On the day after the start of the illegal, unprovoked and deeply unpopular US-UK invasion of Iraq in 2003, the Sun published a double page proclaiming ‘THE FIRST “CLEAN” WAR’, with the sub-headline “Civilian deaths could be zero, MoD claims”. In actual fact “thousands of Iraqi civilians were killed or injured during the three weeks of fighting”, according to a December 2003 report from Human Rights Watch. Ten years later a peer-reviewed study published in the PLOS Medicine journal estimated the war and occupation directly and indirectly claimed the lives of approximately half a million Iraqis from 2003 to 2011.

Just as the government emphasised precision bombing in 1991 and 2003, in making the case for war in December 2015 the Prime Minister claimed there “had been no reports of civilian casualties” in the over 300 UK airstrikes in Iraq since September 2014. And, just like 1991 and 2003, independent analysis suggests a very different reality.

Air Wars, a not-for-profit transparency project staffed by journalists, estimates that between 72 and 81 civilian deaths in Iraq could be linked to British air strikes. Unfortunately, confirmation will be all but impossible because the MoD apparently only investigates reports of civilian deaths that come from UK military personnel and “local forces” deemed friendly.

Air Wars’s findings raises awkward questions for the Brimstone believers: either Brimstone missiles were used during these strikes that likely caused civilian deaths or they were not used, which suggests the extreme focus on the Brimstone missile by the government, military and media is unwarranted. Indeed, Paul Rogers, Professor of Peace Studies at Bradford University, argues the Brimstone’s role is “far more important symbolically” than militarily because it will account for a “tiny proportion” of the total air strikes carried out on ISIS.

More broadly, the skilful public relations campaign pushing Brimstone probably has larger objectives other than simply defeating ISIS. First, as always, we need to follow the money. “MBDA, the manufacturer of the British Brimstone missile, is set to be the main economic beneficiary of” the decision to launch air strikes in Syria, notes the Sunday Herald. MBDA’s current order book of £7.8bn “is now set to increase significantly as missiles used in Syria and Iraq are eventually replaced.” With Brimstone missiles also used by the Saudi Arabian Air Force (which we don’t like to talk about because Saudi Arabia has probably used them in its UK-backed slaughter in Yemen), the Guardian recently reported the British Ambassador in Washington has been trying to get the US armed forces to adopt the missile.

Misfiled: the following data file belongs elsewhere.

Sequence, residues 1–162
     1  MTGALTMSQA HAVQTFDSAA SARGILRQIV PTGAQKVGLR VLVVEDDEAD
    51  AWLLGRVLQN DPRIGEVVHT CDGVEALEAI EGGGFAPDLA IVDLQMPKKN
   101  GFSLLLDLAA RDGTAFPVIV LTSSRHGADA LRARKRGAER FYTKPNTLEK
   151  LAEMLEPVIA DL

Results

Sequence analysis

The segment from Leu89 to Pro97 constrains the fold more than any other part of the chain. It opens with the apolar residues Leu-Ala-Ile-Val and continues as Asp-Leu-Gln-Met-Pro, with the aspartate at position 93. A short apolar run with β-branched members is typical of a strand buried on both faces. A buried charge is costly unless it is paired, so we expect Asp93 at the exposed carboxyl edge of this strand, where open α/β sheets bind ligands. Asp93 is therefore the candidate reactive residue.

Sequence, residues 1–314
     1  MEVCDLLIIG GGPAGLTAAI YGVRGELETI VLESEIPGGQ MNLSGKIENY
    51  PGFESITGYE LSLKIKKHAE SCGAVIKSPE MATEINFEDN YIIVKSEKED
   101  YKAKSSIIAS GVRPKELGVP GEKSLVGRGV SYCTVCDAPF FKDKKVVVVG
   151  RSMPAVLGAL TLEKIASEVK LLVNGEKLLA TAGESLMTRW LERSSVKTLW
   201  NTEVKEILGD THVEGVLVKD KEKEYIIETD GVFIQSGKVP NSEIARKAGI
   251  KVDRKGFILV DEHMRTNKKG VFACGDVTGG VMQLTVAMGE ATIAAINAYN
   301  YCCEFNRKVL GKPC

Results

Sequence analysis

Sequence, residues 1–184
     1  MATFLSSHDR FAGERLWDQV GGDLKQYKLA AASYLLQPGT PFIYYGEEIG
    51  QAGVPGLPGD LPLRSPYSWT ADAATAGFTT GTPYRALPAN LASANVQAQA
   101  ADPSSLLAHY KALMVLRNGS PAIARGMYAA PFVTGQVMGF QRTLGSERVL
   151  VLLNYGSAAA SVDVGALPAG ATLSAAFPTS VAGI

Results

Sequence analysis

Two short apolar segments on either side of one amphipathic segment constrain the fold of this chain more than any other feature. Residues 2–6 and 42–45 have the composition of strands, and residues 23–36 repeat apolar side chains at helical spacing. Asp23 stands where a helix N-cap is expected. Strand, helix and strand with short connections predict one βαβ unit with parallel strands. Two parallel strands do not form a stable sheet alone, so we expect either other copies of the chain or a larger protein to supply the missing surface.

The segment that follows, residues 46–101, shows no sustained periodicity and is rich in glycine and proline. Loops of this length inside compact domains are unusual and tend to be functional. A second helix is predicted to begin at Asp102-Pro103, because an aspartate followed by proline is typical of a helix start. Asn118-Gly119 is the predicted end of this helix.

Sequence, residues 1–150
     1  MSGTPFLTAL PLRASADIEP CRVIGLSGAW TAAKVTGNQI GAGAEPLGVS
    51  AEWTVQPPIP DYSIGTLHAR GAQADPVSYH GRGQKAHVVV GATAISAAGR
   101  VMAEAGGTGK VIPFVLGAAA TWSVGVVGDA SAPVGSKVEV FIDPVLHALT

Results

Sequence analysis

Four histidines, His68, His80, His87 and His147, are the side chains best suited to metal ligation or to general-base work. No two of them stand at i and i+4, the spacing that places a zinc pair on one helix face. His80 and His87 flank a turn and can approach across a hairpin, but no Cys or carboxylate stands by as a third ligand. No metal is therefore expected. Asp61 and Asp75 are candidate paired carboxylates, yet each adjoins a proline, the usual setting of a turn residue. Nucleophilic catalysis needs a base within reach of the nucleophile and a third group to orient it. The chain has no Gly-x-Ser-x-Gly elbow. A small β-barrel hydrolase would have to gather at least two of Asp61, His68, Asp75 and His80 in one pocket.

Second, it is important to remember there was and continues to be considerable resistance to the British bombing in Syria, with a majority of Labour MPs and the Labour shadow cabinet opposed, along with the SNP, Plaid Cmyru, the Green Party, and a number of national newspapers.

The celebration of Brimstone, along with repeated references to “precision bombing”, was very obviously an attempt to gain public support for the military attack by neutering people’s concern about civilian casualties. Indeed, this propaganda play has likely had an additional worrying influence. “Politicians and public opinion in the West seem to be convinced that air power is less ‘messy’ than the use of ground forces,” according to Captain Steinar Sanderød of the Norwegian Air Force. “Such a perception of air power has greatly contributed to lowering the threshold for using force among Western politicians.”

All of which leads to a worrying realisation: the primary target of Britain’s Brimstone missiles so far has not been ISIS, but the British public.